Kinematic Self-Replicating Machines

© 2004 Robert A. Freitas Jr. and Ralph C. Merkle. All Rights Reserved.

Robert A. Freitas Jr., Ralph C. Merkle, Kinematic Self-Replicating Machines, Landes Bioscience, Georgetown, TX, 2004.


4.3.4 Prokaryotic Cells

Bacteria are unicellular microorganisms capable of independent metabolism, growth, and replication [1771], but lacking a distinct nucleus (prokaryotes). Their shapes are generally spherical or ovoid (cocci), cylindrical or rodlike (bacilli), and curved-rod, spiral or comma-like (spirilla). Bacilli may remain associated after cell division and form colonies configured like strings of sausages. Bacteria range in size from 0.2-2 microns in width or diameter, and up to 1-10 microns in length for the nonspherical species. The largest known bacterium is Thiomargarita namibiensis, with spheroidal diameters from 100-750 microns [1772]. Spherical bacteria as small as 50-500 nm in diameter have been reported [1773]. It has been theorized that the smallest possible cell size into which the minimum essential molecular machinery can be contained within a membrane is a diameter on the order of ~40-50 nm [1774], though the current consensus among biologists is that a somewhat larger minimum size may be required (Section 5.3). Many spherical bacteria are ~1 micron in diameter; an average rod or short spiral cell is ~1 micron wide and 3-5 microns long. Each bacterial cell consists of a mass of protoplasm enclosed within the usual thin lipid bilayer plasma membrane. Most Gram-positive bacteria are surrounded by a thick, mechanically strong but porous peptidoglycan cell wall. Gram-negative bacteria like E. coli surround themselves with an additional two-layer coat atop the peptidoglycan layer.

Bacterial cells possess small internal vacuoles, ribosomes, granules of stored food, and usually one or more externally-attached flagella, but have no internal membranous surfaces, no internal organelles (although some functional compartmentalization does exist [1775]), and no distinct nucleus. A single circular chromosome is organized into one or more compact aggregates, called nucleoids, that may occupy about one-third of cell volume [1693]. E. coli, a well-studied cylindrical bacterium typically measuring 0.65 microns wide and 1.7 microns long (cell volume ~ 0.6 micron3), has one double-stranded DNA chromosome that measures ~1.3 mm (~4.2 megabases or ~109 daltons) in length (strand volume ~ 0.002 micron3), organized in ~40 kilobase loops [1693], during resting phase.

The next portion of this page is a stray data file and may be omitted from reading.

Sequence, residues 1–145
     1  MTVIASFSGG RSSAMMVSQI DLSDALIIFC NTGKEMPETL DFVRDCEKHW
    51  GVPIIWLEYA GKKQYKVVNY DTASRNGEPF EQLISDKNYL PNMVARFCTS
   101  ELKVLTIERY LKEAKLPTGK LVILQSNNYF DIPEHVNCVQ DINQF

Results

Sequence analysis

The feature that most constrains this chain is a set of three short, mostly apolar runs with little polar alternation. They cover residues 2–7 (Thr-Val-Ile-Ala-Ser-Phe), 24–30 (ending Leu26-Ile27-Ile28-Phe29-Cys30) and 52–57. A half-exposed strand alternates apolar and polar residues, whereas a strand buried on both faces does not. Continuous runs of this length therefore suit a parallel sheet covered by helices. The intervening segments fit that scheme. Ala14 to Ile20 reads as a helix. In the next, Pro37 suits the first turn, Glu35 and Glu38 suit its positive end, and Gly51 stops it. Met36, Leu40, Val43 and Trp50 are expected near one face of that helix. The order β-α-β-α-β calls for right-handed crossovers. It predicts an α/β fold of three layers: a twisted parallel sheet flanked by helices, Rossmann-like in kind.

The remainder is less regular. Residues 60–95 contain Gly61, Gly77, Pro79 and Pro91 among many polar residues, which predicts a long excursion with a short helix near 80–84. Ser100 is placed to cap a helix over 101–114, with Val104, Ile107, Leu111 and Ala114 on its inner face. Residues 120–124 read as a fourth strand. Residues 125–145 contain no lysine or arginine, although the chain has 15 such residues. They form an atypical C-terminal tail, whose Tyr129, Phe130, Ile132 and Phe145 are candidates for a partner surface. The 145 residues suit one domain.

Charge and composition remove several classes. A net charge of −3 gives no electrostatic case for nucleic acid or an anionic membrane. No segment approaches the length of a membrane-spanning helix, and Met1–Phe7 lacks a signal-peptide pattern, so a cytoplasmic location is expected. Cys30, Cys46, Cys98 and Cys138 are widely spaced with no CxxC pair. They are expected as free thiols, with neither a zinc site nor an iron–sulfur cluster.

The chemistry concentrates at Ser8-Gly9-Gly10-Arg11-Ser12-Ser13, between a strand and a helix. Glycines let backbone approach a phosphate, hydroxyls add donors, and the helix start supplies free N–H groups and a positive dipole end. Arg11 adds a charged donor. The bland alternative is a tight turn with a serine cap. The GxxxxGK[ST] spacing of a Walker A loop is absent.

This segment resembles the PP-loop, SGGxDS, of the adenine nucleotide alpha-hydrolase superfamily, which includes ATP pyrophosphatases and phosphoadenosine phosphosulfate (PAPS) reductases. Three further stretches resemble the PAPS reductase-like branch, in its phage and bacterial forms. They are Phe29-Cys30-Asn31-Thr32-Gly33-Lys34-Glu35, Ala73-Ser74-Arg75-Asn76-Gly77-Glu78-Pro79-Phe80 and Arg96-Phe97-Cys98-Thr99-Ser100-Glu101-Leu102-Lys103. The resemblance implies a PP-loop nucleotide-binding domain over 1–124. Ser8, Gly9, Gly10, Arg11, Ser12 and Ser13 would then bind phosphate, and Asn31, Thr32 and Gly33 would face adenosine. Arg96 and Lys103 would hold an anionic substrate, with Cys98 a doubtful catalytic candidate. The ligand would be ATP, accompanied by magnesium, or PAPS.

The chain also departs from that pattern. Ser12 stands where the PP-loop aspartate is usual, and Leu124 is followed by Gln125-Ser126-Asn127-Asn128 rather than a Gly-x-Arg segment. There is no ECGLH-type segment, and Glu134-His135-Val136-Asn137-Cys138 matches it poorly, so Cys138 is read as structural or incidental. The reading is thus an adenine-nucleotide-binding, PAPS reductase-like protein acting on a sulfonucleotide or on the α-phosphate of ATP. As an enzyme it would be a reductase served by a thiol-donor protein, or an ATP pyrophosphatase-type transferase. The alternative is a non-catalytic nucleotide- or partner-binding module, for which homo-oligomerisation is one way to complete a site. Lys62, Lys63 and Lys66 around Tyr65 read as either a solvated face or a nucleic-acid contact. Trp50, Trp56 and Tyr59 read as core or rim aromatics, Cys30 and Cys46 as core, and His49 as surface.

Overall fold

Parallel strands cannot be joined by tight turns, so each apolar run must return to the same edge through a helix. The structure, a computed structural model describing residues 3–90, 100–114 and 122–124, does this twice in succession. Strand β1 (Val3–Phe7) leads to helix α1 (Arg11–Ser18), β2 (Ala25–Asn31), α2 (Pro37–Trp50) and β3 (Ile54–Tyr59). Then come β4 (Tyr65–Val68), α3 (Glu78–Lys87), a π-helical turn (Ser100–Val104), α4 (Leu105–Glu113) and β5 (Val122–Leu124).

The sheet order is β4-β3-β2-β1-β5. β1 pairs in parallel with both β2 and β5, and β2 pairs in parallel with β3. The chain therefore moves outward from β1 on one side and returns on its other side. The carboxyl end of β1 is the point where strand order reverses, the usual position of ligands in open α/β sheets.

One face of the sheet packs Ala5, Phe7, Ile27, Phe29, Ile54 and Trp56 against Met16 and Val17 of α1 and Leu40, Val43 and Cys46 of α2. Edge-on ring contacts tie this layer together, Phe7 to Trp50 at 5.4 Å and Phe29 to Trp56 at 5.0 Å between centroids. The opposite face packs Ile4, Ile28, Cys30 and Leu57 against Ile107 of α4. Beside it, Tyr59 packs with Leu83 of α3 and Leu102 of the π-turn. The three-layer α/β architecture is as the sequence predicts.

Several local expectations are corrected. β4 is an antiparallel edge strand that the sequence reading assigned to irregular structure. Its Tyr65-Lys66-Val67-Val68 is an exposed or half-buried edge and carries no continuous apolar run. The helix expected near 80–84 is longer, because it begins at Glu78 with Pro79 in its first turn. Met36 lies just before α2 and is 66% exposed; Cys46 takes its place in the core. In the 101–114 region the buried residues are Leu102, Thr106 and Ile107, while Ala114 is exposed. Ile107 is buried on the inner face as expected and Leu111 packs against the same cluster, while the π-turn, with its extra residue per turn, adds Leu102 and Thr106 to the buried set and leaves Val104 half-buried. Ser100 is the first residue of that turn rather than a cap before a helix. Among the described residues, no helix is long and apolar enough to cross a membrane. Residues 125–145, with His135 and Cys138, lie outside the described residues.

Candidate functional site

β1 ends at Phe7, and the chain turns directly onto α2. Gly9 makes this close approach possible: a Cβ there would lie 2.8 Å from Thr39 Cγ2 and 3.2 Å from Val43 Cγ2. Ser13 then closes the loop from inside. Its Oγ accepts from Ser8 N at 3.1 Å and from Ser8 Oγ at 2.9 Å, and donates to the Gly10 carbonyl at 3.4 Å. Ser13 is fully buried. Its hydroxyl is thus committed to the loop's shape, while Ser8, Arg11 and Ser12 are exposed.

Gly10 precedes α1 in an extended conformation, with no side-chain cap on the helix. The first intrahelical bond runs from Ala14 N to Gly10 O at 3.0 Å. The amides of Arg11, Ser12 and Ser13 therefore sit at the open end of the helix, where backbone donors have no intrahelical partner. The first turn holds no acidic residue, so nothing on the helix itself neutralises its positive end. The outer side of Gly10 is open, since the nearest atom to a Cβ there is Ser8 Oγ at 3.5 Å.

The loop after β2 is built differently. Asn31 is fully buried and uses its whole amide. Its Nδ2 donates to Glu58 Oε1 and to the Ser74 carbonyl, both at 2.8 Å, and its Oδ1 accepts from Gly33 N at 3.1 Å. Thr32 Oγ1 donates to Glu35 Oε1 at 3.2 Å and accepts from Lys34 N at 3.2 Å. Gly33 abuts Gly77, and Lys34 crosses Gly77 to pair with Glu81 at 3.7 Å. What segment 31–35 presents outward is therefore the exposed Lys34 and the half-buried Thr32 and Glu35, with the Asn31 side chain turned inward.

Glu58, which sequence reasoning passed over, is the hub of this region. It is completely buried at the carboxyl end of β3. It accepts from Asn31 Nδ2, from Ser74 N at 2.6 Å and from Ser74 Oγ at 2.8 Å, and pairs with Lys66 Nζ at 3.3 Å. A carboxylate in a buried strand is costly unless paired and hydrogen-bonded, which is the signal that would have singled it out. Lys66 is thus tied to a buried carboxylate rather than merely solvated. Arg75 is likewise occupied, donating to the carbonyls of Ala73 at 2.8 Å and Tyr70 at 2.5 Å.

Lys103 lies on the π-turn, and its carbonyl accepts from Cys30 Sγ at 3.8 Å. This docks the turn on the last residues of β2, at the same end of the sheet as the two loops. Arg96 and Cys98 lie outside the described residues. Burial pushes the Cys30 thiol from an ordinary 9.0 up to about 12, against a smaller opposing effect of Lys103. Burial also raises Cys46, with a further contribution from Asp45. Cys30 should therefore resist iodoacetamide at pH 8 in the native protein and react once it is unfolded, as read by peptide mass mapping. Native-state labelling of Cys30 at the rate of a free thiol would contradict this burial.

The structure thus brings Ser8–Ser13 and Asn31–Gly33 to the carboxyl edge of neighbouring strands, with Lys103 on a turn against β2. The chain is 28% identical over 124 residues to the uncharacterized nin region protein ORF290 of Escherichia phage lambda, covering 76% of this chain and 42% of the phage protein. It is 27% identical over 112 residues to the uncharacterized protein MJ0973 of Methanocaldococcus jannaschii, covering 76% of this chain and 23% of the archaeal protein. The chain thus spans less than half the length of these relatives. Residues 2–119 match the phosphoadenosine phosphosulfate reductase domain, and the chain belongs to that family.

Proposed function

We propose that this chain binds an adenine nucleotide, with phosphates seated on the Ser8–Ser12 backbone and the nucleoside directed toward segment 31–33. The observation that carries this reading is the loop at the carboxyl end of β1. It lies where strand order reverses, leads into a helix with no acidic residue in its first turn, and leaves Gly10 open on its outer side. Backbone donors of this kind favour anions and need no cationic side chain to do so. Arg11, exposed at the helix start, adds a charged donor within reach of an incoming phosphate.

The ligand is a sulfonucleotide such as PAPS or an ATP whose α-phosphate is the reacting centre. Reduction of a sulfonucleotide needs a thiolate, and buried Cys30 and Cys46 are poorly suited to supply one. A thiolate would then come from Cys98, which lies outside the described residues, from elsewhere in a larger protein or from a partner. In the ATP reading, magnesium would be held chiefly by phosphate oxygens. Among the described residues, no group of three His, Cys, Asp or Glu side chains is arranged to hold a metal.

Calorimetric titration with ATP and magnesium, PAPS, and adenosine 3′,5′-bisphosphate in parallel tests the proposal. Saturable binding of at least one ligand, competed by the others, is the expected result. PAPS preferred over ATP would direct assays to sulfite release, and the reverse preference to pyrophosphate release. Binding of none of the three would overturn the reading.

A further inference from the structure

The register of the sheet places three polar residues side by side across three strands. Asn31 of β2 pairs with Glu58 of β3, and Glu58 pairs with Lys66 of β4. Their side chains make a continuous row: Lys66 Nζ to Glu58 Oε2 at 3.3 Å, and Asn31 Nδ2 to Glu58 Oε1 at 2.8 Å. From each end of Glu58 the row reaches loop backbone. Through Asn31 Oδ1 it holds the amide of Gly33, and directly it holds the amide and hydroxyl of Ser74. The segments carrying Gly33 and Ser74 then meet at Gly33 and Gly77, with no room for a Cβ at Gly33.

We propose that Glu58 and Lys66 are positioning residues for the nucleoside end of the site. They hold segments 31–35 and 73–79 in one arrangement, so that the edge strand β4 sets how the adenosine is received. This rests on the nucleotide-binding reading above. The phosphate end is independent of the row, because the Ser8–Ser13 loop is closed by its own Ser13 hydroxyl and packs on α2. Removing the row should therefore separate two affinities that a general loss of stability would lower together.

During binary fission (Figure 4.18), the normal method of bacterial self-replication, the bacterium starts with its genetic material, a circular chromosome of DNA, attached at one spot on the inner cell membrane, but otherwise fairly loose inside the cell. Chromosomal replication [1776] begins at a specific sequence of nucleotides called the origin. Enzymes called helicases recognize this specific sequence, bind to this site, and begin unwinding the DNA by breaking the hydrogen bonds that hold the double strand together, creating a “replication fork.” Single-stranded binding proteins attach in chains along the separated strands for stabilization and to prevent rewinding. After the enzyme primase creates a short priming sequence, highly reactive free nucleoside triphosphates in the cytoplasm begin pairing up with their complementary bases on the exposed parental strand. Once properly aligned, the triphosphates are joined to the growing strand by an enzyme called DNA polymerase which catalyzes the hydrolysis of the phosphates as the nucleotide is added to the strand, forming a phosphodiester bond.

The polymerase continues around an entire strand until the duplicate copy is complete. The two duplicate chromosomes are attached at different ends of the cell membrane, called “pole preference” [1777]. The cell continues to take in food, metabolizing nutrients, building proteins via ribosomal translation of mRNA transcripts, increasing its mass and elongating, causing the two points of chromosome attachment on the cell membrane to grow apart. Once the bacterium has reached twice its initial size, its plasma membrane thickens and forms a division septum [1778], pinching inward at the center of the cell, the full invagination finally causing the cell to divide, with a new cell wall separating two now-independent “daughter cells” having duplicate chromosomes. When each daughter again reaches a threshold “parental” size, the replication cycle can begin anew. Under optimal growth conditions the cycle may take only 15-20 minutes in E. coli [1771]. Note that the logic of replication in bacteria is, first, to duplicate the information tape, and then, second, to manufacture the construction engine, the same as the classical von Neumann kinematic replication scheme (Section 2.1.1).

In modern biotechnology, bacteria are often employed as “self-replicating factories” [1779-1781] for various useful products.


Last updated on 1 August 2005